The tabs attached

The finished piece!

All finished, with some little dangly pearl beads included!!

Now I’ve got to figure out what to wear with it!!

Related Posts

Making an Embroidered Stomacher, from 1725

Making a Stomacher– an “embroidered carnation” stomacher

Sources and Relevant Links

Patterns of Fashion 1, by Janet Arnold – buy on Amazon

Ribbon Embroidery in the 18th Century – from 18th Century Notebook (examples of 18th C. clothing that have used ribbon embroidery)

Jane Austen Festival Australia– website

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The Rococo period (from around 1730 – 1790) was one characterised by excesses in fashion. One of the excesses of eighteenth century fashion was “false hips”, or panniers as they were later called.

"False hips" - one over each hip

They consisted of a material structure, braced by whalebone or cane, tied to the waist by strings. The false hips could be enclosed in one petticoat, or alternatively each hip could have a separate structure tied over it.

As the width of skirts grew, a metal structure was invented to hold the ever-increasing weight of brocade and silk. Three different sized U-shaped metal rods were hinged together at the front and back so they extended out over the hips and folded upwards.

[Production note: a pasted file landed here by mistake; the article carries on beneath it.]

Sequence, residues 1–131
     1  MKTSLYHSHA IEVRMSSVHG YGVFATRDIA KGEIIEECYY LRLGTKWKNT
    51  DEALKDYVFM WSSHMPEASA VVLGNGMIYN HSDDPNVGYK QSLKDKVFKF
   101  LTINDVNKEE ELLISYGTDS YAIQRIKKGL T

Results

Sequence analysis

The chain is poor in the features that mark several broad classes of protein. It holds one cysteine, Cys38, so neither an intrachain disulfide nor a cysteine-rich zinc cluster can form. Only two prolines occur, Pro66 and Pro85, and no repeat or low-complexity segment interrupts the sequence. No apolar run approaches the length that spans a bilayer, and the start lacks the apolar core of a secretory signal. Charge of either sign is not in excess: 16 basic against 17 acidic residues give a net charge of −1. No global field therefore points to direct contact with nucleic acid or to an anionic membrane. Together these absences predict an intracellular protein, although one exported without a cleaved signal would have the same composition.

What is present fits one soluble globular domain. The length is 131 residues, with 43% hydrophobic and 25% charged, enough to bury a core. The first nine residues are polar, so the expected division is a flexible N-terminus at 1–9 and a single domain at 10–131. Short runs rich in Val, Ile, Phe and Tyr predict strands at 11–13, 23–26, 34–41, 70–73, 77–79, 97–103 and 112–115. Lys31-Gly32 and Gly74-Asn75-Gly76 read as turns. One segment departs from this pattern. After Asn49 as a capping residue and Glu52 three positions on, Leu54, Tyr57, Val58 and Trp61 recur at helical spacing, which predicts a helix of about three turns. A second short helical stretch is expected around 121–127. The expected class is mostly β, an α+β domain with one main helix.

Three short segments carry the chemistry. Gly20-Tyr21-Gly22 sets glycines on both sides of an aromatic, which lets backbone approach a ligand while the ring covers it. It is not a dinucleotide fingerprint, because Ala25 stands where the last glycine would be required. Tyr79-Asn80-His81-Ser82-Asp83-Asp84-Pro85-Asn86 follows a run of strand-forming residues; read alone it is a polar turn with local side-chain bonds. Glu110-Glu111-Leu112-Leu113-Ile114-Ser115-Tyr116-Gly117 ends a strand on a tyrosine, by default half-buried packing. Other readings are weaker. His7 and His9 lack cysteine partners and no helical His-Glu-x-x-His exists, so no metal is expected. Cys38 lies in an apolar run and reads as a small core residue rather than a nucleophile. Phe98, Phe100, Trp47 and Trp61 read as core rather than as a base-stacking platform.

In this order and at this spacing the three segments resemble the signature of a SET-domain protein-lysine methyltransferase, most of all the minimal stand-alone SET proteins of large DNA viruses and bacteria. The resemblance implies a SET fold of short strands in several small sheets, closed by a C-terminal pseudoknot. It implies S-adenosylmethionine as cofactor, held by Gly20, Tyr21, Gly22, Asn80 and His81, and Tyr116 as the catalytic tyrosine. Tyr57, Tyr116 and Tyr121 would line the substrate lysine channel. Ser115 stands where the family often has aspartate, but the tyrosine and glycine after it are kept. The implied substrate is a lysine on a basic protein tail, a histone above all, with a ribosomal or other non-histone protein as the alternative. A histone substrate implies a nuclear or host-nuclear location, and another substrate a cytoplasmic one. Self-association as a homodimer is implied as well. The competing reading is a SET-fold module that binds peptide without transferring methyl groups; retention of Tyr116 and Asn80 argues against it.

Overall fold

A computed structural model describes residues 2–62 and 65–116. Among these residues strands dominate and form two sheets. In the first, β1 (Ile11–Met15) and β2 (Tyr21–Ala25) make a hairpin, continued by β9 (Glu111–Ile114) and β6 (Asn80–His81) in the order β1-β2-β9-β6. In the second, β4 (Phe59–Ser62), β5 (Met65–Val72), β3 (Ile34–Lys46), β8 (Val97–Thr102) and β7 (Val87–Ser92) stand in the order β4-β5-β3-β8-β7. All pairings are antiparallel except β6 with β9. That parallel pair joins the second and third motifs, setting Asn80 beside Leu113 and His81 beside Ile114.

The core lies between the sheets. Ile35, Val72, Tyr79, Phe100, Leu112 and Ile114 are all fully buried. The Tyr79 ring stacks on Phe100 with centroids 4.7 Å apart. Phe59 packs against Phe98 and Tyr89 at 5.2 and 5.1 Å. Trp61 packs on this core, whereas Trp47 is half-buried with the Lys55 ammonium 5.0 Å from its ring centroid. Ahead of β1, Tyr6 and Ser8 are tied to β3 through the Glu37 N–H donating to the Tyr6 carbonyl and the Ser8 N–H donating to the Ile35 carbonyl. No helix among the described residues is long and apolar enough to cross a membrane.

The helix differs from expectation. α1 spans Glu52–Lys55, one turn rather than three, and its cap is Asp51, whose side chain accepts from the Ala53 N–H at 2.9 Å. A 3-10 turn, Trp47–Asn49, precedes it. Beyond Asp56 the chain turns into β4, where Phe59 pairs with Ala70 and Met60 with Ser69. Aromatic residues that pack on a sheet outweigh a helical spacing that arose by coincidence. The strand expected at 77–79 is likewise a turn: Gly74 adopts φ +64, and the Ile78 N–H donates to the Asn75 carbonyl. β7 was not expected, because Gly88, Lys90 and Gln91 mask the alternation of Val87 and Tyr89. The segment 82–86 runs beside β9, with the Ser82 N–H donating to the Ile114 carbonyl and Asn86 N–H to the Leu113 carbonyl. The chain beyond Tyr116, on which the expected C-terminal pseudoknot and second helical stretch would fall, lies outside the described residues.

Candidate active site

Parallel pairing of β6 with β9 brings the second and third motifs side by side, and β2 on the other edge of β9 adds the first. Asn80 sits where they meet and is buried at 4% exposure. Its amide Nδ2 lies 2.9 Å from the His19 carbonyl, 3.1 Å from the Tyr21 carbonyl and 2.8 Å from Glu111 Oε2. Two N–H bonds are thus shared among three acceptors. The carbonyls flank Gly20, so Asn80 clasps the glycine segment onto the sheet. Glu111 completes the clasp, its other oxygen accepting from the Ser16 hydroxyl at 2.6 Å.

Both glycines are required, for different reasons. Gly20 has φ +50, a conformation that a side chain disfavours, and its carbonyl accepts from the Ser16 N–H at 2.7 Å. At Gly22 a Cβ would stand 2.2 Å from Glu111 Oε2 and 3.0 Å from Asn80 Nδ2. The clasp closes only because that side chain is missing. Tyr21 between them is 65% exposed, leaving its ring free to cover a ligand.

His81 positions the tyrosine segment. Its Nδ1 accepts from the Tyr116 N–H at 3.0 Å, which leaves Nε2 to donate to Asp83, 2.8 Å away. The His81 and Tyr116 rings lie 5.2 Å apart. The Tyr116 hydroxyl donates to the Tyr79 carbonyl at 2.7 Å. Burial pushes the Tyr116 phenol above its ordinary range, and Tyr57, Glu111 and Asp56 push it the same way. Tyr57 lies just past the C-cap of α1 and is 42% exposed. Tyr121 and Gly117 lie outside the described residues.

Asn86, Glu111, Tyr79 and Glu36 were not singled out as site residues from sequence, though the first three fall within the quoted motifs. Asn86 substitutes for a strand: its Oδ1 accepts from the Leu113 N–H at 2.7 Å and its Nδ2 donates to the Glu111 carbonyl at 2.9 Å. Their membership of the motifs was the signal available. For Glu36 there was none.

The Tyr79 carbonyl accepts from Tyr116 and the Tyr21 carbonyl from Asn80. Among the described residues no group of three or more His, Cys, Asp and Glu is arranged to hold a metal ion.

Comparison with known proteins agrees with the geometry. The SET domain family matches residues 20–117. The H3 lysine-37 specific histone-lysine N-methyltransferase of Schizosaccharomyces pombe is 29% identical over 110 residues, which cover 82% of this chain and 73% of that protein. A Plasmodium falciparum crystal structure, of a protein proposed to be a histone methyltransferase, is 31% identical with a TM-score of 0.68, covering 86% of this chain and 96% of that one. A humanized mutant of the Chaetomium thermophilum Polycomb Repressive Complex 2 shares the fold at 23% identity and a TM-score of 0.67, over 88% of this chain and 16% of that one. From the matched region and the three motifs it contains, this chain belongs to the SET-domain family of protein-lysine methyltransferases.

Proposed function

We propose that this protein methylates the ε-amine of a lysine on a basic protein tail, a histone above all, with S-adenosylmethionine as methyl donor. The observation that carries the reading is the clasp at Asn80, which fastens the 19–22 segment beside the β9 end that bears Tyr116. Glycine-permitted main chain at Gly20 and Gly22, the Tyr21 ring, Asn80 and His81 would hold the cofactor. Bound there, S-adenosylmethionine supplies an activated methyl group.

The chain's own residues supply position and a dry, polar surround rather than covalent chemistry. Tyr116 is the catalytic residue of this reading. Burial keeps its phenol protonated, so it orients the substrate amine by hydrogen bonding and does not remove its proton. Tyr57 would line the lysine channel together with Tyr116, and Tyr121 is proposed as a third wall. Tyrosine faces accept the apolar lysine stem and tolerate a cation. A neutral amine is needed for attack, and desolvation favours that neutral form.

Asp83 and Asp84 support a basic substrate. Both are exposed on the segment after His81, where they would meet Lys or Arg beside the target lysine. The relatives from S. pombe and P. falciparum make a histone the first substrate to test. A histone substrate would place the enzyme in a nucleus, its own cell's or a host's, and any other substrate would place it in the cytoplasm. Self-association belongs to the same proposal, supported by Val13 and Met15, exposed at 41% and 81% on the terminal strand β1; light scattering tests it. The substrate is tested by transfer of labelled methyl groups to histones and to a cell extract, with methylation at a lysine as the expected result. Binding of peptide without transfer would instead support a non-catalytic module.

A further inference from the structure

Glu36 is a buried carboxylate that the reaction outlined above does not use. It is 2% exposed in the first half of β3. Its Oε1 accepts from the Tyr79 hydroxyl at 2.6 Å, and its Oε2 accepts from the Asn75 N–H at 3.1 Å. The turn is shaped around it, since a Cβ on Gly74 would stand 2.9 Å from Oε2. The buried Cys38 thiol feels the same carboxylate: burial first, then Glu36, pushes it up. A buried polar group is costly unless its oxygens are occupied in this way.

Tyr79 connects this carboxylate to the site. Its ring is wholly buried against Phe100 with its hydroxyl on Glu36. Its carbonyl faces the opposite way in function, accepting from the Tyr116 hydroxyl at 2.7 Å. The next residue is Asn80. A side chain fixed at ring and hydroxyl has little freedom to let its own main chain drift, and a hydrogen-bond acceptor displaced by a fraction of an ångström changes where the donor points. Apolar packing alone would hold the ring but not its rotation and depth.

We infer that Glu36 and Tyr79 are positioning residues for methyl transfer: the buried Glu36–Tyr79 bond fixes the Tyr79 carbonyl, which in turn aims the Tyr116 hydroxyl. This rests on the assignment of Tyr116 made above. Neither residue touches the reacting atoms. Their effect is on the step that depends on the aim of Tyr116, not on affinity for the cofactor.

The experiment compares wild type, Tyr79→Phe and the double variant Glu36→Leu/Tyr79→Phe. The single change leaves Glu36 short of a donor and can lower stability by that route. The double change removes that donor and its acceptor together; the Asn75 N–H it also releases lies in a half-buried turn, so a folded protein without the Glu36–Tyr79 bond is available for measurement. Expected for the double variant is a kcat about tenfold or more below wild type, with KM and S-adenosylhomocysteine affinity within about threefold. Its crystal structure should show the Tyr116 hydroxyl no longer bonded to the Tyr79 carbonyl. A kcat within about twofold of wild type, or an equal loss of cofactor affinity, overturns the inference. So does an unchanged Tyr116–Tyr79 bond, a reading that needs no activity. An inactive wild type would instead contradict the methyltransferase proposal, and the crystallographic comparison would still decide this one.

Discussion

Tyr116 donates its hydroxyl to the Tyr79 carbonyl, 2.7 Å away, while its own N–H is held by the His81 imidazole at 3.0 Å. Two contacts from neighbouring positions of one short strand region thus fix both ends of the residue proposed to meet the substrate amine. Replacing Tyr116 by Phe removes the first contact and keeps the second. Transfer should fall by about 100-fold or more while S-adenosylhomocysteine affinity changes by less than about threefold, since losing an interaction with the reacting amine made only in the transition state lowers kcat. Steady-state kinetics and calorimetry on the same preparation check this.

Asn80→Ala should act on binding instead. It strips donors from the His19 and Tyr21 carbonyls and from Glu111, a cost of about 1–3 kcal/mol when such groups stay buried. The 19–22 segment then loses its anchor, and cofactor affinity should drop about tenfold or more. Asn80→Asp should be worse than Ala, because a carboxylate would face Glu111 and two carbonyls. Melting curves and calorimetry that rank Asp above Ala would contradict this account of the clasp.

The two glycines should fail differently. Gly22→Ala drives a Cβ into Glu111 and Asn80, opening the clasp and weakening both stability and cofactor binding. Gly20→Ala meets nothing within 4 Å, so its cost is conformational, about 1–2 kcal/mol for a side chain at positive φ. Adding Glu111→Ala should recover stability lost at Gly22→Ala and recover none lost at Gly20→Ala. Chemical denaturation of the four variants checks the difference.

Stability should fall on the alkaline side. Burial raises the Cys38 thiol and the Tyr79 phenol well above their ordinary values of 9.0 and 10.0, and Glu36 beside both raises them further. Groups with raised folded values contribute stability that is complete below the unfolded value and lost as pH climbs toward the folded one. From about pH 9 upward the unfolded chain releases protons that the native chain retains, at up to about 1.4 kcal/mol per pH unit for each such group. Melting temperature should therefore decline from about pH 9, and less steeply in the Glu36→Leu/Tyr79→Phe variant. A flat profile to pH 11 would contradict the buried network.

False hips: The folding version

Reports of the sizes of hooped petticoats defy modern day imagination, reaching from 10.5 feet wide (a lady in 1742) to 5 yards wide! A lady dressed in such a gown would occupy the entire side of a coach or park bench, and would have to turn sideways to fit through a double door! Fashion (sometimes luckily) is always changing, and this particular fashion reached its peak from 1740 to 1750.

The tide eventually began to turn against the excesses of the false hips. By 1750, even The Gentleman’s Magazine had something to say about it!

Having been within the hearing of some debates in a society of ladies, concerning the proposal for subscribing the four per cents, relates some of their eloquent speeches; and it being moved by Corinna, in case reduction of interest took place, that they must reduce their equipages, apparel, and diversions; Reformata proposed that the hoop-petticoat should be reduced one ell in the circumference. Upon this a loud squall ensued, but silence being imposed by the chair, she proceeded to support her proposition as follows: